I crisscrossed this country for 40 years, reporting “The American
Story with Bob Dotson” on the NBC TODAY Show. That quest was almost
non-stop. More than four million miles searching for people who are
practically invisible, the ones who change our lives, but don’t take time to
tweet and tell us about it.
Wisdom is found in unexpected places. Tools for some of the first
microsurgeries were invented in a garage. An out of work truck driver
tinkered and perfected them until they changed our world. It all seemed as
easy to Jim Crudup as rewiring his old car.
I met him one pretty spring day outside Forest, Mississippi. Paused
to admire his beautiful ’46 Ford. The coupe and I are the same age. Jim
smiled when I added, “Looks like it’s in better shape than me.”
“You can’t always tell about a car — by its polish,” he grinned.
Same with people. The former truck driver in that beautiful Ford
taught surgery for thirty years with only a high school education, even
though he could not stand the sight of blood and didn’t like needles.
Jim Crudup started driving trucks after he got out of the Army. When
his business hit hard times, he took a job cleaning medical tools at a
research lab at the University of Michigan. One day he borrowed the
doctor’s books and began teaching himself.
Dr. Sherman Silber heard some of the older surgeons talking about
this amazing guy, Jim, “He just watched what they were doing, and he did
it better than them.”
Dr. Silber was a struggling med student in the 1960s, “I had no
manual ability whatsoever!”
Jim explained that surgery is mostly in the mind, not really in the
hands, and then showed him how to think it through, calming the med
student’s frustration. Dr. Silber became one of the pioneers of
microsurgery; a leading fertility specialist, using techniques he perfected
with tools Jim made for him.
“We practiced on rats,” he said. “Once a surgeon can do a heart
transplant on a rat, it’s not a big deal to do a testicle transplant on
Of course, Jim was not allowed to work on people, but the professors
did not know how to use those microsurgery tools. They sent students to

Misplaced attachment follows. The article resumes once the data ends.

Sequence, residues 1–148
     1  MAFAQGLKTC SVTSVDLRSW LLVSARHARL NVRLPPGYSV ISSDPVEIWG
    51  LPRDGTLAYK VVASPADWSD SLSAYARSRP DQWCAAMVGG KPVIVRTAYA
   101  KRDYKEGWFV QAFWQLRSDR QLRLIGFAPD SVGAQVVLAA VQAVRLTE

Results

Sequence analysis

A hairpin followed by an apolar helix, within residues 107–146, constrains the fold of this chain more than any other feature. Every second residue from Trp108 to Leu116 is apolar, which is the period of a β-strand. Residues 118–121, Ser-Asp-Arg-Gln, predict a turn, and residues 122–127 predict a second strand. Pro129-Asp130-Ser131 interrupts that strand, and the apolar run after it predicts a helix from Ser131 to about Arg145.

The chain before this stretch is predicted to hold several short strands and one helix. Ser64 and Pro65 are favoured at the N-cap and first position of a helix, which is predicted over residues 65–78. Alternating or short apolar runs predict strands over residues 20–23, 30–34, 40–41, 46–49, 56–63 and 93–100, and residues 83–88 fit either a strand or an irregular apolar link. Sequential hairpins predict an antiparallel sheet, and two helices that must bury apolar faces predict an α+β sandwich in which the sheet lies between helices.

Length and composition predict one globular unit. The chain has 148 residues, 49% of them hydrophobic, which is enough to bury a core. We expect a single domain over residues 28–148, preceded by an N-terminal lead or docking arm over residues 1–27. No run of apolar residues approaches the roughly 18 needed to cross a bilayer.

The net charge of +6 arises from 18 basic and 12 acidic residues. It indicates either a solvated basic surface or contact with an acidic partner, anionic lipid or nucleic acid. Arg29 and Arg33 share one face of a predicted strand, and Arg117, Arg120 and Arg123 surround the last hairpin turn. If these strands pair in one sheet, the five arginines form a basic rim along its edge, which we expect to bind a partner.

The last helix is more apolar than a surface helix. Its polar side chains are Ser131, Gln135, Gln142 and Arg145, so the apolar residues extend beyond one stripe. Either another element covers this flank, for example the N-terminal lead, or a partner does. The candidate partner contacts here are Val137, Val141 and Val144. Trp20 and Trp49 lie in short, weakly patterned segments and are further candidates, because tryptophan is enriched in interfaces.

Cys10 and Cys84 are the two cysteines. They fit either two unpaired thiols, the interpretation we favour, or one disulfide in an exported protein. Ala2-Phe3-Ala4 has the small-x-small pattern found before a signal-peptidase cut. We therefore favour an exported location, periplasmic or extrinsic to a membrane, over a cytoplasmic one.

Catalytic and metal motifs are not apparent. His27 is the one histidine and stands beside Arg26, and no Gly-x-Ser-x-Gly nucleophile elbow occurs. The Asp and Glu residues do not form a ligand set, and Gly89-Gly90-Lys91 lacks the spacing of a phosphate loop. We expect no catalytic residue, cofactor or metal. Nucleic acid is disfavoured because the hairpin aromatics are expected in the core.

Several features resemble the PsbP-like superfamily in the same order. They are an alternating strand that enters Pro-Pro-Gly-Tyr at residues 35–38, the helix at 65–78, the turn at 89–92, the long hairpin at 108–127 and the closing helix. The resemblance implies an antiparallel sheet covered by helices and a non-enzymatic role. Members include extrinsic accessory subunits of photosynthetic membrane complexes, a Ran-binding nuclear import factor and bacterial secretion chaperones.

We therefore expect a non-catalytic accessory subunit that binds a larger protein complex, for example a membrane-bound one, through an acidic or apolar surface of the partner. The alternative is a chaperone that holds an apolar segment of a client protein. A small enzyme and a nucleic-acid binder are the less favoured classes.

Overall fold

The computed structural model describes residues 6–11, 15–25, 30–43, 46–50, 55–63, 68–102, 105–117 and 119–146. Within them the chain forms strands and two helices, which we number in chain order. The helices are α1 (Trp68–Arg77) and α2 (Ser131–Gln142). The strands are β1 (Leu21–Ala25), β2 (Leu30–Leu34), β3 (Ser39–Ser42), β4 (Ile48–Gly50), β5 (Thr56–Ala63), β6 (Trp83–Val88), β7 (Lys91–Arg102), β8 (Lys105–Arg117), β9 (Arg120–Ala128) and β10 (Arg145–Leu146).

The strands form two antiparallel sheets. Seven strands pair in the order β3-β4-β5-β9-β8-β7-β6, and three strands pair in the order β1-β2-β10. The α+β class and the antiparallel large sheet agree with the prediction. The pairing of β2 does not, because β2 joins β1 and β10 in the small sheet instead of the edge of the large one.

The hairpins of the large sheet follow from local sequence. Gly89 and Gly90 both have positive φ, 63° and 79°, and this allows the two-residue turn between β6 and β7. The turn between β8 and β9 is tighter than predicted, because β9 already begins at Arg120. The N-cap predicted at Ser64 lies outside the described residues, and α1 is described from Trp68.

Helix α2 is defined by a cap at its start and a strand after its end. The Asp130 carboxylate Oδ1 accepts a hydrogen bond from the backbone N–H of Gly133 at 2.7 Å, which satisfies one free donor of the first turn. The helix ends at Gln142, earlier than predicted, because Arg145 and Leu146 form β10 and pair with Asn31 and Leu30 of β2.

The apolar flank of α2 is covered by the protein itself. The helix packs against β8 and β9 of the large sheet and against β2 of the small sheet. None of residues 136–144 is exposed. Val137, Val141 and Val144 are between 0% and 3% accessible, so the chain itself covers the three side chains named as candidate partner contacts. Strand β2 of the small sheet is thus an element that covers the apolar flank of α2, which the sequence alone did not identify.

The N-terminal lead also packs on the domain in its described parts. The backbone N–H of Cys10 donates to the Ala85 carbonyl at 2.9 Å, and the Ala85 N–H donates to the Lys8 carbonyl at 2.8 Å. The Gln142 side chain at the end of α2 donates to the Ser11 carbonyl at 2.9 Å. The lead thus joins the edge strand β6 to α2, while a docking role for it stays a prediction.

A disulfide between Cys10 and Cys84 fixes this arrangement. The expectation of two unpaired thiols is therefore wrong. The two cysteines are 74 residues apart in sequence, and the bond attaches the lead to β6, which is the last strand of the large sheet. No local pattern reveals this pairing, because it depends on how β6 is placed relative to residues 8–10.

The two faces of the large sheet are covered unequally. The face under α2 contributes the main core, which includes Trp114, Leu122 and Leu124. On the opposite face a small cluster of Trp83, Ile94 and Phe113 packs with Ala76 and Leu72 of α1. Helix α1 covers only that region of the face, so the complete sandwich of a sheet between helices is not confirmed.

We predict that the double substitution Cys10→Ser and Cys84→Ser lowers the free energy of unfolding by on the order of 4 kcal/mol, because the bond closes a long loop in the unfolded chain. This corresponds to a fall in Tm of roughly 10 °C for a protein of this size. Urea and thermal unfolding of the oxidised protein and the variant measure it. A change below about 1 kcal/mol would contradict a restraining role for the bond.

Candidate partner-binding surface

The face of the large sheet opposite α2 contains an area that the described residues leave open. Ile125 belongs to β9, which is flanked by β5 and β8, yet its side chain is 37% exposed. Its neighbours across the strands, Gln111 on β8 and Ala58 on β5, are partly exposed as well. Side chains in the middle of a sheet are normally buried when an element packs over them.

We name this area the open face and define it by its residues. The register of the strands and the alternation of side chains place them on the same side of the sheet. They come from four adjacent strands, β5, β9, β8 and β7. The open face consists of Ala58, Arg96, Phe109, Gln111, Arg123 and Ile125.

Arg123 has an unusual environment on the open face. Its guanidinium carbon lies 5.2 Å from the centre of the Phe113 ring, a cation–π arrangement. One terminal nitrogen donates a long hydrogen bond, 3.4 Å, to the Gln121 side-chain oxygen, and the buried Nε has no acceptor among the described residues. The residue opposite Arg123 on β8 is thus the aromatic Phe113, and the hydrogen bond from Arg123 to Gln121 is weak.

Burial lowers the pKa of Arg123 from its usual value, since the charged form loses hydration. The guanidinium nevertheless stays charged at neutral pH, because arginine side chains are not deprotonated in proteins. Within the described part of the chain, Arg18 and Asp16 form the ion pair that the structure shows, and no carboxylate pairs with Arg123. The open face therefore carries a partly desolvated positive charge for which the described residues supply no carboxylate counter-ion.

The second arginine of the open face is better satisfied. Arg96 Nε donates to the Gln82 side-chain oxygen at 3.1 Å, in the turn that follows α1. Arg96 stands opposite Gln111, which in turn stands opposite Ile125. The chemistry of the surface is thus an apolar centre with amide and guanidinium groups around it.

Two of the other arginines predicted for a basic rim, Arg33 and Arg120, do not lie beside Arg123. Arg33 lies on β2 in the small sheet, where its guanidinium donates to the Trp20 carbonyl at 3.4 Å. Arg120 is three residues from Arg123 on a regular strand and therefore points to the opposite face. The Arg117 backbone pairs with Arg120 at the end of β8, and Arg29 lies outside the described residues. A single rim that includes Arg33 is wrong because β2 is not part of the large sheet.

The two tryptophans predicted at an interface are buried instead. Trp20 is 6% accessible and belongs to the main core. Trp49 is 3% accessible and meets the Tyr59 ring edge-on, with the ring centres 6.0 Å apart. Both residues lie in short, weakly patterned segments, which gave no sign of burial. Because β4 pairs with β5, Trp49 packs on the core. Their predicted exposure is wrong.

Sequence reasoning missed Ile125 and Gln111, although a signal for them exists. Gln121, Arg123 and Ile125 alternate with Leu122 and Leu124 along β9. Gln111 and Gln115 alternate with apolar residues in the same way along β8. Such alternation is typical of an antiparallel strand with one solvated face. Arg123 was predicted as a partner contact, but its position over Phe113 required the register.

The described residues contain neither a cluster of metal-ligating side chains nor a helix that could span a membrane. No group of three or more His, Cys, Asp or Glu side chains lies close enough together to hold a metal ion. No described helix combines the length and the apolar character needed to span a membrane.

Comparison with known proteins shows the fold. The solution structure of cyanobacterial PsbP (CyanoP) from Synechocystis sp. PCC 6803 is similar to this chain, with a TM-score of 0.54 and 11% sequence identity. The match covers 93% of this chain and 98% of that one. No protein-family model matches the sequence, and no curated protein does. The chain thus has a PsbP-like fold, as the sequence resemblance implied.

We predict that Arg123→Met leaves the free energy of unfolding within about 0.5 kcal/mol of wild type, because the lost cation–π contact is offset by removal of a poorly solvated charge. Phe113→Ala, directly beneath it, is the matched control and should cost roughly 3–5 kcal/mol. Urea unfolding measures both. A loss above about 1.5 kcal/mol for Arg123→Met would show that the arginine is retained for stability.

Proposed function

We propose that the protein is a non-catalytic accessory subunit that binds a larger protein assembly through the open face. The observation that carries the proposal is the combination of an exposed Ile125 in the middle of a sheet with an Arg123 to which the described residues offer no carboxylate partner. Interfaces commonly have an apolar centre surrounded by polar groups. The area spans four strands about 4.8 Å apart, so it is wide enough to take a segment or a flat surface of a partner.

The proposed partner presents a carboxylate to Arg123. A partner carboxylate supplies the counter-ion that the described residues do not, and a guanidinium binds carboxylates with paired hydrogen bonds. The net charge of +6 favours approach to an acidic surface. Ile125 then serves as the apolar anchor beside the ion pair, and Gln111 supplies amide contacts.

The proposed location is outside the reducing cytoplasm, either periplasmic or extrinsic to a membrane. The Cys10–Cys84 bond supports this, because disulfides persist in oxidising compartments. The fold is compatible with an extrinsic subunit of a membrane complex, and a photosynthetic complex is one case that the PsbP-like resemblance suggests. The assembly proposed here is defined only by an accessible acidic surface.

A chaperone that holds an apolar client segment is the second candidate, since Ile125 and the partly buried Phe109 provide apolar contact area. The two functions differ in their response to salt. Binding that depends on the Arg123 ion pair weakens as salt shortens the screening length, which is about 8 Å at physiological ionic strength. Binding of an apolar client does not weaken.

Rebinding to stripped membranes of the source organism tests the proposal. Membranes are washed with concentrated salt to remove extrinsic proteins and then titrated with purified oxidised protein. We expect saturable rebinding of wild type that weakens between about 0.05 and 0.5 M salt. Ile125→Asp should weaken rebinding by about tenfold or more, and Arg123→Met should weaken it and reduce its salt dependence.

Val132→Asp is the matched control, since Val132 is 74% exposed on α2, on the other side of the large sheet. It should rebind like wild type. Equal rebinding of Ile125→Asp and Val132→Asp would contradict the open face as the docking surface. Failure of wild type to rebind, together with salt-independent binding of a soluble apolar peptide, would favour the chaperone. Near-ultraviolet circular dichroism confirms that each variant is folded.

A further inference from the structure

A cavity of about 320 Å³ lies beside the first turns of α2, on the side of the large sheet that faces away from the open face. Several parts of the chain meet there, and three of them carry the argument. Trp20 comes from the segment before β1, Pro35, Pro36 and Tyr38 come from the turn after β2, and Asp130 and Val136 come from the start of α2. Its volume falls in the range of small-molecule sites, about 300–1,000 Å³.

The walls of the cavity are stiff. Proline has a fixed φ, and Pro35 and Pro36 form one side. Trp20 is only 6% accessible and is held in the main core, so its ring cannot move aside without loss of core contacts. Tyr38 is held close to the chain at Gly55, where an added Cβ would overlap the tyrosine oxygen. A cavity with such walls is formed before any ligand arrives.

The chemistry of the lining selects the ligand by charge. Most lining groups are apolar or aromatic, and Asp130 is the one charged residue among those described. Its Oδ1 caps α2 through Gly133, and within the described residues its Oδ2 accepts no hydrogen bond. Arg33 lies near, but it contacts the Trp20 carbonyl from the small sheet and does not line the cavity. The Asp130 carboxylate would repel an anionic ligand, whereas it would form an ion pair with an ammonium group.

learn what only Jim could teach.
I asked Crudup: “How did the young doctors react when they were
told to learn from a guy who cleaned their tools?”
“They didn’t know that I was black,” he giggled. “They would come
over and say, ‘Well where’s Jim?’ I’d just say, ‘You’re looking at him!’”
The former truck driver had a way of making it pretty obvious by the
end of one or two operations that he knew a lot more about surgery than
they did, and then the whole relationship would change, but the gentle man
with the ready smile, never became a doctor himself. He started working
at the hospital in his late thirties with four kids to raise — and all those
students. Jim helped many doctors to greater fortune than his own.
“What did you get out of all this?” I asked.
A rueful smile crossed his face, “One day I knew I’d be on an
operating table with one of my students holding a knife over me. I could
rest assured they were well taught.”
Each year the best surgical student at the University of Michigan gets
his name on a plaque that bears Jim Crudup’s face. The Head of Vascular
Surgery, Dr. Thomas Wakefield told me it was his department’s most
important award, “and it’s named after our most important teacher.” To his
neighbors Jim was just that quiet old guy who could fix anything. Crudup
seldom mentioned what he’d done. What he’d done, speaks for itself.
Telling tales on television is a bit like writing on smoke. After a brief
mention, the men and women I profiled drifted away, but the lessons they
left us linger. Their importance undiminished.
This story first appeared in the New York Times best-selling book:
“American Story: A Lifetime Search for Ordinary People Doing
Extraordinary Things.” (Penguin/Random House)
Want to hear more? Upstate International invites you to join me for:
Lunch with Bob Dotson on February 21, 2018 at the Poinsett Club, 807 East Washington Street in Greenville.
RSVP is required. Tickets go on sale January 21 through Upstate International.
We’ll explore the reasons why modern day pioneers — from every corner of the planet — still seek America’s promise.